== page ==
5 Cybersecurity Tips for Freelancers

By Liz Alton, Contributor, on August 18, 2017

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The right cybersecurity tips can keep your information secure. I should know — I learned that the hard way. During a recent cab ride, I left my phone behind when it slipped out of my bag. Cue panic: that device had my business banking app, client contacts and other business-critical information I didn’t want lost or hacked. Luckily, I was able to reclaim my phone, but I had a fail-safe app installed that lets me lock or wipe data remotely, just in case. The entire experience underscored just how critical cybersafety is.

Often, freelancers’ devices have confidential client data and sensitive information about their businesses that they wouldn’t want made public. Following cybersecurity best practices — from choosing secure passwords to controlling system access — will remove the risk of hacking and viruses. Here’s a quick gut check for your security needs.

Follow Password Best Practices

Raise your hand if you’ve ever been assigned Password1 by a vendor and taken more than a week to change it. Guilty! Since most programs are accessed via username and password, your first line of defense is a strong password. Wired interviewed the experts, and they had several tips for passwords that make it harder to hack into your files:

  • Choose passwords that are a minimum of twelve characters long.
  • Include letters, numbers and symbols.
  • Avoid obvious personal information, such as family names, phone numbers and pets.
  • Select something unusual, like a character name from your favorite movie plus your favorite food. “#Darth3Pancake1!!” is difficult to guess.
  • Use different passwords for your key accounts. If one is compromised, the others are still protected.
  • Change your passwords quarterly.

Enable Double Authentication

Despite your best efforts of using long, complex passwords, a determined hacker may still figure it out. Or, a disgruntled contractor might break into your accounts with bad intentions. Personally, I discovered double authentication when I found out that a former virtual assistant was searching a shared email for reference files to use as templates for her new job. Double authentication will text or email a pass code to get you into the system. These authorizations can occur every time you log in, or every so often to authorize a device. Other systems work with biometric authorization, like a fingerprint scan. Adding this extra layer of protection ensures that you’re really signing off on access before it’s given.

Use Virus Scanners, Malware Software and Backup

Let’s discuss the importance of having the right systems in place. If you’ve ever had a virus that caused your computer to drag — or worse, launch the blue screen of death — you know how important this is. Threats to your security don’t always come in the form of a compromised password or lost mobile device. Once, I opened an attachment from a hacked client account and ended up offline for three hours restoring my system. These issues can be prevented by investing in three types of support:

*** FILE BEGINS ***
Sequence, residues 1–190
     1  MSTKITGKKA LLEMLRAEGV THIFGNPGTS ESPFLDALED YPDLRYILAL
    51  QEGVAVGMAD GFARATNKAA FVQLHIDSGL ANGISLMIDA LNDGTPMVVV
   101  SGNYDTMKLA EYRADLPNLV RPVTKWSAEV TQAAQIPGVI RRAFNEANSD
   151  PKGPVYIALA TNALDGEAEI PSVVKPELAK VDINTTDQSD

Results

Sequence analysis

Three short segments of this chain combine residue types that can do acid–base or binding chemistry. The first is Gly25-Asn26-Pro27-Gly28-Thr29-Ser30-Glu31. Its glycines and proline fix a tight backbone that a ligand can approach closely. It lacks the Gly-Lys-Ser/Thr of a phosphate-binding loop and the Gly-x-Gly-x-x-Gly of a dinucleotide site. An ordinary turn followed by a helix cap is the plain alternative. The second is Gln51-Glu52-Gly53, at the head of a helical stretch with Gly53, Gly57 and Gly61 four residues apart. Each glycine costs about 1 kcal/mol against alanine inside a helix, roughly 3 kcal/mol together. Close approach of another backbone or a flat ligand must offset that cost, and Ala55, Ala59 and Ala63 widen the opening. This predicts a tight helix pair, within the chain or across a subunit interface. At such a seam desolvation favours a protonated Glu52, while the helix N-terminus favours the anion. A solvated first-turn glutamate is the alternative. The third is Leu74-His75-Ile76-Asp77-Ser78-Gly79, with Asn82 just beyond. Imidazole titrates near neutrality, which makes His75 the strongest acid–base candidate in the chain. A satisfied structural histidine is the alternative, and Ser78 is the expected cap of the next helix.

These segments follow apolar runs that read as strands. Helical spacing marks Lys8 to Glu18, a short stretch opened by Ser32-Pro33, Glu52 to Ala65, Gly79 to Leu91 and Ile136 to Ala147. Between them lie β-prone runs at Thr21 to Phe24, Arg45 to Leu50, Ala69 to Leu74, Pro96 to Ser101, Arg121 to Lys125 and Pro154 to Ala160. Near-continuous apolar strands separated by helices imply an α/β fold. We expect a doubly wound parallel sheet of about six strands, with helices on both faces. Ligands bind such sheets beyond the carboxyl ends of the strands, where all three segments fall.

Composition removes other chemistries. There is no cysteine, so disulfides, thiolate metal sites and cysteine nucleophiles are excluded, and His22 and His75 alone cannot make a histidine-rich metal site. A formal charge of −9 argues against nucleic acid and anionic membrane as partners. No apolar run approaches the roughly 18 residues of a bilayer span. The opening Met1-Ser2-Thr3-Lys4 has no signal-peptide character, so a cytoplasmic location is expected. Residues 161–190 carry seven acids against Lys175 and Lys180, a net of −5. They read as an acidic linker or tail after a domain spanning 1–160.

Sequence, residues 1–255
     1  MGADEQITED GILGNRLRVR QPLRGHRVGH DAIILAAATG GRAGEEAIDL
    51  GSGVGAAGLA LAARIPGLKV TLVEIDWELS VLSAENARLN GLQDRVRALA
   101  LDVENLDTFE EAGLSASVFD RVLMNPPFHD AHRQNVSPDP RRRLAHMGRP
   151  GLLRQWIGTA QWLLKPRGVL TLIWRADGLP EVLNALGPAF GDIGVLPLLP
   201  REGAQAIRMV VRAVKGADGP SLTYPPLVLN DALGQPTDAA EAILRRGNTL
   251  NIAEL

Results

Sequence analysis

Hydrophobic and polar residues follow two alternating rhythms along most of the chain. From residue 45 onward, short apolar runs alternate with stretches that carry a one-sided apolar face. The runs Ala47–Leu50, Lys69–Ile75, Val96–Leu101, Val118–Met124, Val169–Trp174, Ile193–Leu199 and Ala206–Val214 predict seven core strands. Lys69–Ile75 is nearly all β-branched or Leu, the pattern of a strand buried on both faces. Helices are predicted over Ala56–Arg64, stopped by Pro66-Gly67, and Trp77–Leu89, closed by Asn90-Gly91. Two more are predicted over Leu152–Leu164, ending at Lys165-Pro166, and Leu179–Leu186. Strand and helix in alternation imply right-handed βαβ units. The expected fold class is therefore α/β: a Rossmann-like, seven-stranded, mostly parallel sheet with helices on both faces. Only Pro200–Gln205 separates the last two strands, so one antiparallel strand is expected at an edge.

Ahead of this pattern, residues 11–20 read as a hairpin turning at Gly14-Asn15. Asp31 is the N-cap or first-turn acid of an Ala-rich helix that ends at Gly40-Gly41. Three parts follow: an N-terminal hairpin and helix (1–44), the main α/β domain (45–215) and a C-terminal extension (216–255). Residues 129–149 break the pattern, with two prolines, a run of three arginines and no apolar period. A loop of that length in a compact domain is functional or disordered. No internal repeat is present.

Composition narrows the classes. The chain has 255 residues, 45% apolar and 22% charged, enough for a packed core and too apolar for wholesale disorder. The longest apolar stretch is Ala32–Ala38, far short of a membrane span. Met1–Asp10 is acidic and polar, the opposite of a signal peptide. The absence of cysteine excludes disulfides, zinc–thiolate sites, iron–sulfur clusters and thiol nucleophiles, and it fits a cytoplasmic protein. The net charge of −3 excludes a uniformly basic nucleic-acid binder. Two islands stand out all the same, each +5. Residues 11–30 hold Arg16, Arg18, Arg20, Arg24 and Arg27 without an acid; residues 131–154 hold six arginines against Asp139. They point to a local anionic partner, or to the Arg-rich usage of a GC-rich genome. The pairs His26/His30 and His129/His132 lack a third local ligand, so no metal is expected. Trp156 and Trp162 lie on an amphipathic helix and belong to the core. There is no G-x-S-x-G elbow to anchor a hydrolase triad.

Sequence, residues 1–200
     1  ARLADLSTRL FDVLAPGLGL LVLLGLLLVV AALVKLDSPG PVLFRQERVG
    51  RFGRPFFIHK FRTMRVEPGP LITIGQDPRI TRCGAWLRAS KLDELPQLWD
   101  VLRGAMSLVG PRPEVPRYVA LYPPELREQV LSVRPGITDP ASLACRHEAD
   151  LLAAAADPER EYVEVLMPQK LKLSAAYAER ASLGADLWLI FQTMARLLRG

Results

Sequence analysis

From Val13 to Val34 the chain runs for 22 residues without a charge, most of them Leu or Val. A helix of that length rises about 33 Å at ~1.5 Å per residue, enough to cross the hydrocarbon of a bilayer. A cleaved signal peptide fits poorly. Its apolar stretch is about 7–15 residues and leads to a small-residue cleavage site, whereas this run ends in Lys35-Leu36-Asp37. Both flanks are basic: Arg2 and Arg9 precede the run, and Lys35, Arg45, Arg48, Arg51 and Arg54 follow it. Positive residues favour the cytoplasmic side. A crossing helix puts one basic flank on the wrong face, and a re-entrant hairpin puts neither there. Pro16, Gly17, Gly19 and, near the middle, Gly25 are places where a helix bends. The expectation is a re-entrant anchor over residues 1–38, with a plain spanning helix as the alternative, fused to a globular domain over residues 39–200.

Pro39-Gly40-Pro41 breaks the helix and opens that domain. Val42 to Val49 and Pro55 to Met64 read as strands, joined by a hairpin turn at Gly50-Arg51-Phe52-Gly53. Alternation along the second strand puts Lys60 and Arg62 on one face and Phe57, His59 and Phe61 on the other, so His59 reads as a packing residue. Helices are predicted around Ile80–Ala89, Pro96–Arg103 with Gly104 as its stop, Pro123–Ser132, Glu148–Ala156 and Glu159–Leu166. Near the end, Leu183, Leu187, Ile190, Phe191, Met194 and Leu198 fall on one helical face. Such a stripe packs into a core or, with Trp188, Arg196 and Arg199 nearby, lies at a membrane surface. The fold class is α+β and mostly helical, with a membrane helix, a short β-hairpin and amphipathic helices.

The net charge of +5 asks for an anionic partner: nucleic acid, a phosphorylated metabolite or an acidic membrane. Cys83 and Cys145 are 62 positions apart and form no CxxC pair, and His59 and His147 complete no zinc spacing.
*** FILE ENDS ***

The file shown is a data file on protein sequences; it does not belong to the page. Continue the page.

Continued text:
• Virus protection: Use a program that provides virus protection for your laptops and mobile devices.
  • Malware: Sometimes, malware can slip through even the best virus protection programs. Use a malware protection tool regularly to scan your system for tracking or security risks.
  • Backup: Backup software ensures that, even if your system falls victim to a hack or virus, you’ll be able to recover essential information. One freelancer I know was targeted by a data encryption scan, and simply bypassed it by restoring her system from a backup provider in under an hour — with a single phone call.

Have a Remote Device Strategy

If you’re using mobile devices to access client data or do proprietary work — as most freelancers are — it’s important to have a plan to deal with a “device loss” scenario. Beyond client work, your mobile devices often have sensitive financial information or other business data that you don’t want public. To protect them:

  • Use Find My Device (Android) or Find My iPhone (Apple) features to help you locate the device. This may allow you to get it back before anything is lost or compromised. However, this is only helpful if it’s set up before you lose a device.
  • Learn how remote wipe procedures work for your device to get rid of sensitive data before it can be accessed. Or, use an end-point management app, like those recommended by Dr. Fone, to wipe your data in case your phone is lost or stolen.
  • Be sure to use a secure mobile backup solution, so your pictures and other data aren’t lost if your device has to be wiped.

Consider Who You Allow Access to Your Systems

Today’s freelancers are rarely true solopreneurs. A virtual assistant might need access to your Google Documents, or an accountant might require access to your invoicing system to balance your books. As you provide access to your systems, documents and information, it’s important to think about levels of access. Vet your vendors and colleagues closely, and provide the minimum level of access needed to complete a project.

For example, an assistant can complete a presentation design with view-only access to a document, lowering the chances of the source document changing. Keep track of access rights given, and if you part ways, immediately terminate their access to your systems and information. A tight rein over access rights bolsters your security.

Freelancers have a lot to worry about, and I know from personal experience that keeping your business safe is at the top of the list. By following these cybersecurity tips, it’s possible to ensure that your system is as bulletproof as possible from potential threats. If something should happen, you’ll quickly get back to serving your customers and doing what you love.

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